Young had featured for the USA in the semi-final, but was dropped for the final to make room for more established names who had skipped the semis to save themselves for other competitions.
But Young was lucky to be on the team at all. He had been accused of committing a doping offence the previous year, on 26 June 1999, and been found guilty. However, he had appealed that to the Doping Appeal Board of the USATF – which runs athletics in the US – and they had overturned the guilty verdict.
Some four years later, however, the Court of Arbitration of Sport (CAS) decided that the Doping Appeal Board of USATF had reached an “erroneous decision” when exonerating Young.
This meant he was stripped of all his results from 1999 to 2001 – including the 2000 Olympic semi-finals. To Nigeria, this meant that even though Young did not run in the final, the USA should lose their gold – because without Young, they would not have been there.
“Young was ineligible,” Udo Obong said. “We knew he had to be disqualified.”
For a while, that seemed to be the situation. But the US finalists appealed. It was unfair, they said, that the team that won the final should lose their medals because of an offence that none of them had done.
By now this case had also reached the CAS. And in 2005, the CAS sided with the US. Their team could keep their medals.
But then came some shocking news. Young, it turned out, was not the only member of the team using drugs.
In 2008, Pettigrew confessed that he had used them too.
“Pettigrew admitted to using drugs,” said Ugo Obong.
“We were waiting and hoping that something would be done, but it took forever. The news didn’t come to us as a shock. We were all waiting for Michael Johnson to give up his gold.”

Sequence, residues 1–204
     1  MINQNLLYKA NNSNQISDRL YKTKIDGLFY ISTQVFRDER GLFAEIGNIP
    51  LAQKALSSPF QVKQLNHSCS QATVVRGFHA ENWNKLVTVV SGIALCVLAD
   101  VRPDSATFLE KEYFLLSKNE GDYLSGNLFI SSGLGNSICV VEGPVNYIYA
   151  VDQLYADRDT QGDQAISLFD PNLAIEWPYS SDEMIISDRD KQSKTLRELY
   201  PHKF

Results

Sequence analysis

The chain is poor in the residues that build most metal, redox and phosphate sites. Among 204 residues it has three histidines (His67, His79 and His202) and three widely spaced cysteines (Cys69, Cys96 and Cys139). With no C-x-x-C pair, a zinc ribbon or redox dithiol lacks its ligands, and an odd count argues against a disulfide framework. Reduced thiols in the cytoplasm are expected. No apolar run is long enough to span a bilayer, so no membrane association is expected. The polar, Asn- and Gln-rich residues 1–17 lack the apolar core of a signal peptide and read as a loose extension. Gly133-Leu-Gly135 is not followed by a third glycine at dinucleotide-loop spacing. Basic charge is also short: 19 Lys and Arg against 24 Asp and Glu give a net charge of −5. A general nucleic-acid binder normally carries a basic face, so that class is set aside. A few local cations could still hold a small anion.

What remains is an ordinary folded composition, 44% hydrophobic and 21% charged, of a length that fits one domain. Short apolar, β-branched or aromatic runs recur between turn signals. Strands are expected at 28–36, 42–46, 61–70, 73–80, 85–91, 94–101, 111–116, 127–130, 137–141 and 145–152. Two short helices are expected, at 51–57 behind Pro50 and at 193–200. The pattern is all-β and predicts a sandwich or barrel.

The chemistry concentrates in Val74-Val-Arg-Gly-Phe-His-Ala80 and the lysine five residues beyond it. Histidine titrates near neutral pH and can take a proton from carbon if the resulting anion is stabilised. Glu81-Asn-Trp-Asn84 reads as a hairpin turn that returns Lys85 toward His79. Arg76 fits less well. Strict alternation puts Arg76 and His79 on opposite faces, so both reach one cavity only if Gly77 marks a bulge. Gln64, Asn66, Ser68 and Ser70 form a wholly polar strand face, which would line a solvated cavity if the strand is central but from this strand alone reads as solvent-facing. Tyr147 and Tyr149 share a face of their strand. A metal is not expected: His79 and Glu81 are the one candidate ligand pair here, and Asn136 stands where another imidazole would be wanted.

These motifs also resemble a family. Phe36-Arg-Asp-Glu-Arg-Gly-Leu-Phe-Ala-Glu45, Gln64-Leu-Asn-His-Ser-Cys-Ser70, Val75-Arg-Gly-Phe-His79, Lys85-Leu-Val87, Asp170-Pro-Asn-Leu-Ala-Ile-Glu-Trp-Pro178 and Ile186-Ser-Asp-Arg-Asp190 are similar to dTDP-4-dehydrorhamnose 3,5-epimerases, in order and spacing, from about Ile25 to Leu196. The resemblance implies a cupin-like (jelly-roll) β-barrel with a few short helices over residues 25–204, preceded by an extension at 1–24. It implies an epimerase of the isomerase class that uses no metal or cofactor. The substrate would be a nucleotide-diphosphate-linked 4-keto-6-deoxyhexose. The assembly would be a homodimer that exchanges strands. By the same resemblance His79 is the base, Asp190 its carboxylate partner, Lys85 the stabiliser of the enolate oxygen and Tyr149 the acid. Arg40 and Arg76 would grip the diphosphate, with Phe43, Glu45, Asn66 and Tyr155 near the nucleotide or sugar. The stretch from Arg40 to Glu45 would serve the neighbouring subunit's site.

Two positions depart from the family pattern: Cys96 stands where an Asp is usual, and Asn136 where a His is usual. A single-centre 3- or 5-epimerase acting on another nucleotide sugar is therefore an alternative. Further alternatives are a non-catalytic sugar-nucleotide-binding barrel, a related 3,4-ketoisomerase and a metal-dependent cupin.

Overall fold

Pettigrew and Johnson voluntarily returned their gold medals to the IOC in June 2008, but they were not given to Nigeria; instead, the IOC gathered further information on the doping cases, which only got darker over time. Both Alvin and Calvin Harrison received drugs bans. In 2010, Pettigrew took his own life.
Finally, the weight of the evidence left the IOC announcing in 2012 – just before the London Olympics – that Nigeria were the 4x400m men’s winners from three Games beforehand.
“It’s a feeling of nostalgia. A lot of times I ask myself did we do that?” Udo Obong recalled.
“Sometimes you work very hard and improve your time in training, yet see someone else run faster than you – and you wonder, what am I doing wrong?
But we didn’t think drugs were involved. We were just focused on ourselves and hoped the authorities were doing their own part.”
In 2013, Nigeria president Goodluck Jonathan formally presented the relay team with their gold medals in Abuja, Nigeria’s capital. Coupled with another 4x400m medal, a bronze from Athens 2004, it made Udo Obong undisputedly Nigeria’s most successful Olympian of all time.
But it had come too late for the captain of the team, Sunday Bada, who had died of a suspected cardiac arrest after collapsing at the National Stadium in Lagos.
“It felt sad not to have Sunday Bada present,” Udo Obong said.
“It was like a reunion. It was the first time we had the whole team together again. He was our captain and we missed him.
“It was very emotional. We were just glad that we finally earned it.”